The Crown said public safety was the primary concern in making the deal with Lamb.
In his submission, Glazer said the judge should consider that his client confessed in June 2012 while in custody on an unrelated matter.
Lamb then helped police fill in the blanks about those homicides, Glazer said, also noting police had no idea Lamb was involved until he came forward.
"How many people in his shoes would confess?" Glazer said outside court.
"You commit two homicides, you're getting away with it, no one knows you did it, and then while in police custody he tells them the truth."
Glazer also told the court that police paid Lamb $600 to give a confession on the location of Blacksmith's body.
"He was paid by the police for confessing," Glazer said outside court, adding that he even has the receipts.
"First time that I've ever seen such a case in Canada, and I've been a criminal lawyer for 31 years."
Glazer said the payment made Crown prosecutors nervous, resulting in the plea deal that reduced the charges from second-degree murder to manslaughter.
"The problem with the Crown's case was if the statement was thrown out of court, the Crown would have no case," he told reporters.
During his submission to the court, Glazer recommended the judge consider that Lamb's guilty plea has spared the victims' families from having to endure a trial.
He then read letters written to the victims' families by Lamb, who called Blacksmith a beautiful spirit and said he was "truly sorry."
Part of the joint recommendation was for Lamb to serve his sentence outside the Prairie provinces for his own safety, Glazer said, adding his client feels he will be a target by other prisoners because his high-profile case.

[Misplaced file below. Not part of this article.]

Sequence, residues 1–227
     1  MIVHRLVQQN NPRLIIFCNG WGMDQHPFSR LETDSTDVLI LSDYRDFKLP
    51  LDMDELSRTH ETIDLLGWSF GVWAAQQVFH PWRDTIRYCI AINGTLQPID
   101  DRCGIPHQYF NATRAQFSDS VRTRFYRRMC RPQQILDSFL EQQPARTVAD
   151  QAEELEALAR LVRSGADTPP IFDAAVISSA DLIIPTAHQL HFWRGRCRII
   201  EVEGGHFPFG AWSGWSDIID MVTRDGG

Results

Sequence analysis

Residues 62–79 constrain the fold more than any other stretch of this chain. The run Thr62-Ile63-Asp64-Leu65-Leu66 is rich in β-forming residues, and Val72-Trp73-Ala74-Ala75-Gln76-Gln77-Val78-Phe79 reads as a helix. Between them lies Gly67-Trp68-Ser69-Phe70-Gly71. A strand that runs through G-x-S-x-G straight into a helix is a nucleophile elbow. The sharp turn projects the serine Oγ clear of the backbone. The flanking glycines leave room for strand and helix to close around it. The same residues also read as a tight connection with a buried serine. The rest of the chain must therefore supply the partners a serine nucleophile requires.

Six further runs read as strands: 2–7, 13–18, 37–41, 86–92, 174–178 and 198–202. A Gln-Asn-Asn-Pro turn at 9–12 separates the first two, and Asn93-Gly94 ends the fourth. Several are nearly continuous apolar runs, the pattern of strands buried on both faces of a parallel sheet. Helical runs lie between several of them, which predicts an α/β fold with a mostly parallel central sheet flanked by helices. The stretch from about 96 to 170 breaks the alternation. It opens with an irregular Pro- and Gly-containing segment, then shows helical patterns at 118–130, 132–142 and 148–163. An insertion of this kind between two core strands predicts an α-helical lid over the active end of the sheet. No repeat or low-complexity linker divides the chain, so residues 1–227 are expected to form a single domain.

Sinclair family outraged
Amanda Sinclair, Carolyn Sinclair's sister, said outside court Thursday morning Lamb's plea deal was unfair.
is never going to return. Lorna is never going to return," she said. "These girls are not going to come home for Christmas. They're not going to come home for Mother's Day. They're not going to come home for any kind of holidays.
"But you know," she said, her voice breaking, "he gets his three meals a day, you know, for how many years? And they're asking for less?
Sinclair said there will be no justice for her sister.
"In nine years, he's eligible for parole. In nine years, do I get to see my sister? Does she get to come back to me? That's not fair at all, but you know, that's our justice system. Where's the justice in this? There's no justice system for my family. I'm never going to get her back."
Nepinak's case 'slips through cracks'
Nepinak's body has never been found, but police have declared her as a homicide victim and charged Lamb with second-degree murder.
Lamb has denied killing Nepinak.
Police have said they believe her body was placed in a garbage bin in the city's West End, and the bin was emptied at the Brady Road landfill. However, a week-long search of the area in October 2012 turned up no evidence.
Vernon Mann, the father of Nepinak's two children, says he's concerned her murder will be forgotten.
Mann said Lamb's plea deal, which made no reference to Nepinak's case, means Lamb is getting "a slap on the wrist."
"It almost feels like they're letting her case slip through the cracks," Mann told CBC News.
When asked outside court what will happen to the charge Lamb faces in Nepinak's case, all Glazer would say was, "Stay tuned."
Lamb, who is originally from Ontario, has an extensive criminal record extending across four provinces.
Since 1979, he has had 109 convictions in Ontario, Alberta, B.C. and Manitoba. In the latter, Lamb has 45 convictions since 2002 for everything from robbery to forgery, fraud, and uttering threats.
Most recently he was charged with sexual assault in May 2012 and June 2012.
It was when Lamb was picked up on June 21 that police learned of his alleged connection to the three homicides.